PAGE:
I know, I know. All the hype lately has been on Evernote. I use Evernote, and I like it. It helps me. But for the 1940 US Census, I turned to OneNote. It just flows better for me.
So here is what I did. This may help you, it may not, but putting it all out there step by step helps me, so that's what I'm going to do.
I started with my Top 10, and created a new Notebook, simply called 1940 Census. Within it, I created a new page for each geographical area for my Top 10. There were a few goals that were simple, so I made a quick note for each on the page. (One thing I really like about OneNote is that I can write anywhere. My brain does not operate in list form, it's all over the place. So, my notes are too.)
Next, I went to http://stevemorse.org/ to use his One Step Tools (thank God for Steve Morse!). I used his Unified 1940 Census ED Finder tool to determine the Enumeration Districts for each city or town that I had previously listed. Then I just moved back over to OneNote, used the Screen Clipping tool, and *poof*! All those ED's were in my notes.
After watching the recent webinar by Thomas MacEntee on prepping for the big day (Navigating the 1940 U.S. Census), I decided to look at WWII draft cards for many of my individuals. Once found, and for some that meant going back through my paper records, and others it was searching online, I was able to again make a quick note on the geographical page for each person. Now I have their ED and their physical address all in one place. Hooray!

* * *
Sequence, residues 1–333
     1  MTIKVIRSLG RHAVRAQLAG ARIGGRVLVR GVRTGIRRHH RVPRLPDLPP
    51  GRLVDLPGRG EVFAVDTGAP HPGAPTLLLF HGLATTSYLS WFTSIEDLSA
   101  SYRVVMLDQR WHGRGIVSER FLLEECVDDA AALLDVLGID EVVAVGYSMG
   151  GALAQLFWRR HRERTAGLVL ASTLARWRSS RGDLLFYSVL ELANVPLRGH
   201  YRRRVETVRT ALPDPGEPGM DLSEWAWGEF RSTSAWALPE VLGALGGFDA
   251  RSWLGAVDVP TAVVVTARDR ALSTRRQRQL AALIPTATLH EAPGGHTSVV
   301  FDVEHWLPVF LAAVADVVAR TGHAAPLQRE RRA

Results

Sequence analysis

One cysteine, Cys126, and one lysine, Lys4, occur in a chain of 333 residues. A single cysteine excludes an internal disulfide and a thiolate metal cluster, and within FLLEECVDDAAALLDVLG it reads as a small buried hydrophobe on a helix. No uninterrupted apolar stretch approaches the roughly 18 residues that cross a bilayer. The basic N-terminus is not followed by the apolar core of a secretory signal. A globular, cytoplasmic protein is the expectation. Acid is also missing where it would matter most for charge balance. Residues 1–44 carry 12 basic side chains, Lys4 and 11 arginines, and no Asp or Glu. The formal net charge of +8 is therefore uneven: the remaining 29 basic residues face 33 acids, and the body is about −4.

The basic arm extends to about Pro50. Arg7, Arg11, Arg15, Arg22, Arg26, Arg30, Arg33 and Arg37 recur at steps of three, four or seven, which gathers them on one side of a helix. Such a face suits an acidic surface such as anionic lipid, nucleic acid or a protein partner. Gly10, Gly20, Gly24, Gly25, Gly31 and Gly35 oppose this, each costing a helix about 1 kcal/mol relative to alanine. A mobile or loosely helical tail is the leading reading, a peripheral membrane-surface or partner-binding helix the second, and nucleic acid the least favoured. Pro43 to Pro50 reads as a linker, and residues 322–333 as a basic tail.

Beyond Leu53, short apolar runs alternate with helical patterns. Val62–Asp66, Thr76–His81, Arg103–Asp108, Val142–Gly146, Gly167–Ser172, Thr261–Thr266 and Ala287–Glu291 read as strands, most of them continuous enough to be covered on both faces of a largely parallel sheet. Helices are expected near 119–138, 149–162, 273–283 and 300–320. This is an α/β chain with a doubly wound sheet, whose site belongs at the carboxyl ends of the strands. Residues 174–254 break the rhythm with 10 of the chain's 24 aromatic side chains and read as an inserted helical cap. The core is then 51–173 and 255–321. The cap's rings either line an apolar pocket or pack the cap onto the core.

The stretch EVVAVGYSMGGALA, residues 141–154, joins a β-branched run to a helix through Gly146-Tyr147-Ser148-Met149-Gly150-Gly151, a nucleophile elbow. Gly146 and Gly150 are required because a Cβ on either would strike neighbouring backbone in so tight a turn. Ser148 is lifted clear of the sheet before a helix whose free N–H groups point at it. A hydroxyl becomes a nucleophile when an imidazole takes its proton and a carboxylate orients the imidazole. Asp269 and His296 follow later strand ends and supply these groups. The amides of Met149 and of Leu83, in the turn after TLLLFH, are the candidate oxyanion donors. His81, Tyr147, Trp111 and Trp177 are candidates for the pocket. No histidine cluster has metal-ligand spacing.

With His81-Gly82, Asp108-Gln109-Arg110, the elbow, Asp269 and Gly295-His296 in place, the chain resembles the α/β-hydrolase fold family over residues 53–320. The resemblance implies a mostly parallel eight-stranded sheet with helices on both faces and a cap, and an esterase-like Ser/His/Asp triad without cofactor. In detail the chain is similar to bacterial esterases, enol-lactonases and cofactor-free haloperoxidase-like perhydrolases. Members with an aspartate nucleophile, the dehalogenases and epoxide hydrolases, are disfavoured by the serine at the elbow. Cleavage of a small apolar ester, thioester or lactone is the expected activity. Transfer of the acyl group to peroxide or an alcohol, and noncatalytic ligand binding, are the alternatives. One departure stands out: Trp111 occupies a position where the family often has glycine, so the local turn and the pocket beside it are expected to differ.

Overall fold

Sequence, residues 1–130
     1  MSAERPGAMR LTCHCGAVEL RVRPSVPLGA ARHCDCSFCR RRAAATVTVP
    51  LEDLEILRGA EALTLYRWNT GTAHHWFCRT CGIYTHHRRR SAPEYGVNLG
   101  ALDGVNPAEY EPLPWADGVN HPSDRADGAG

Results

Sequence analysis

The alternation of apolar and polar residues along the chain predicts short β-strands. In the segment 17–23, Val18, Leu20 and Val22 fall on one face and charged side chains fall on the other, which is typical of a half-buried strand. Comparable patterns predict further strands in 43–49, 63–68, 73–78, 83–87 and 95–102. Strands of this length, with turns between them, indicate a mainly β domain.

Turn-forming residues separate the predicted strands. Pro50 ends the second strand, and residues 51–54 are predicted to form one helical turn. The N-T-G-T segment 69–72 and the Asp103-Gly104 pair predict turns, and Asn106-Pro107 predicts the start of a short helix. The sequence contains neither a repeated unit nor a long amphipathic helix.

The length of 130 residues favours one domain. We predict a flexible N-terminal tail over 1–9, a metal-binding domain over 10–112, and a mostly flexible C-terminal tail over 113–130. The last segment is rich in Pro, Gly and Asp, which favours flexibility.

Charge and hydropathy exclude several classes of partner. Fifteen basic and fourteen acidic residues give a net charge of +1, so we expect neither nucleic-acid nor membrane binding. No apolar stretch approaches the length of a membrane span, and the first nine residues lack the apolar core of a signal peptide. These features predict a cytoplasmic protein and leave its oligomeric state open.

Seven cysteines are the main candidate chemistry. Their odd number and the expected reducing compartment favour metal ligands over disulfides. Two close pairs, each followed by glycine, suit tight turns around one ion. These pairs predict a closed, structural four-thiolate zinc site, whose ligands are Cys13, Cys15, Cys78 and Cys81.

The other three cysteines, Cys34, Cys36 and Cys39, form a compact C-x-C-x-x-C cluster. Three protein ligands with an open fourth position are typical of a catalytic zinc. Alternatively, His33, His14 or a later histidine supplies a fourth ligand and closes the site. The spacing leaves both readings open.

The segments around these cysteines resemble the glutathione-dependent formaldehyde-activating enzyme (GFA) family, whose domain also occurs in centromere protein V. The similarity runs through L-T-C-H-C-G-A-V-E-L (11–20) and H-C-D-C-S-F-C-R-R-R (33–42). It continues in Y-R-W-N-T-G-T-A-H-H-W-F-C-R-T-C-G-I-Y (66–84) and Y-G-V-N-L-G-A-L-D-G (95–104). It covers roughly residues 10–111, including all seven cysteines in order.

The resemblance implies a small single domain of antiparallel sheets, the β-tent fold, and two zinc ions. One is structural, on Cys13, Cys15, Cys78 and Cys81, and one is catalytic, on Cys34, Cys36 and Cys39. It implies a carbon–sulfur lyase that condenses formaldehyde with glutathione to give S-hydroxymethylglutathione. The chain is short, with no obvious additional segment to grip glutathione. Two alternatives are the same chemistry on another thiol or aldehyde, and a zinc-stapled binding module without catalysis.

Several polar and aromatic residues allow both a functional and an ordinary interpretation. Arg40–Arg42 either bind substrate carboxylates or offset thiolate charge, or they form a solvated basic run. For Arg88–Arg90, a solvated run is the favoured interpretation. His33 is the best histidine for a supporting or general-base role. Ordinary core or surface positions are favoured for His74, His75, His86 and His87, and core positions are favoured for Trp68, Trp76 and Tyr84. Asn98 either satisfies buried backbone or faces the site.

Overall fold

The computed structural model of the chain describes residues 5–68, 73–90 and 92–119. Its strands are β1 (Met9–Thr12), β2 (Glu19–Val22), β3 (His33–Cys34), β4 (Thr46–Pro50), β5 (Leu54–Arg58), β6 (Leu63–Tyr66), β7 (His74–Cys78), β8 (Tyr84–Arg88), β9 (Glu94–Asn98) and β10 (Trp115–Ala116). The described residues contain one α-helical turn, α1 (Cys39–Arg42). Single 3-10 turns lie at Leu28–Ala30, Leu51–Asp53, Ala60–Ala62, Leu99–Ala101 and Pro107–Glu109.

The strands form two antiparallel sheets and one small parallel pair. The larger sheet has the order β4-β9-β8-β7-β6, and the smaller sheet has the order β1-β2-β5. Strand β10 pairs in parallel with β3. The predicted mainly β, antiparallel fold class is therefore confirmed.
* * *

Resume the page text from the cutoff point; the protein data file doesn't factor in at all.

Then I thought... I don't want to have to toggle back and forth too much. So, I opened my genealogy database (I use Family Tree Maker 2010 right now) and did a screen clipping on just the vitals of each head of household I was interested in. *Poof* again!
I now have twelve geographic locations listed in OneNote. Some are tiny, with only one ED for the community. Some, like Birmingham, Alabama, have too many to count. I will continue to use the tools made available by Steve Morse and team to narrow down those as much as I can. I am thinking that before the census is actually released, I will have at least twice as many, if not more.
24 days and we're all counting!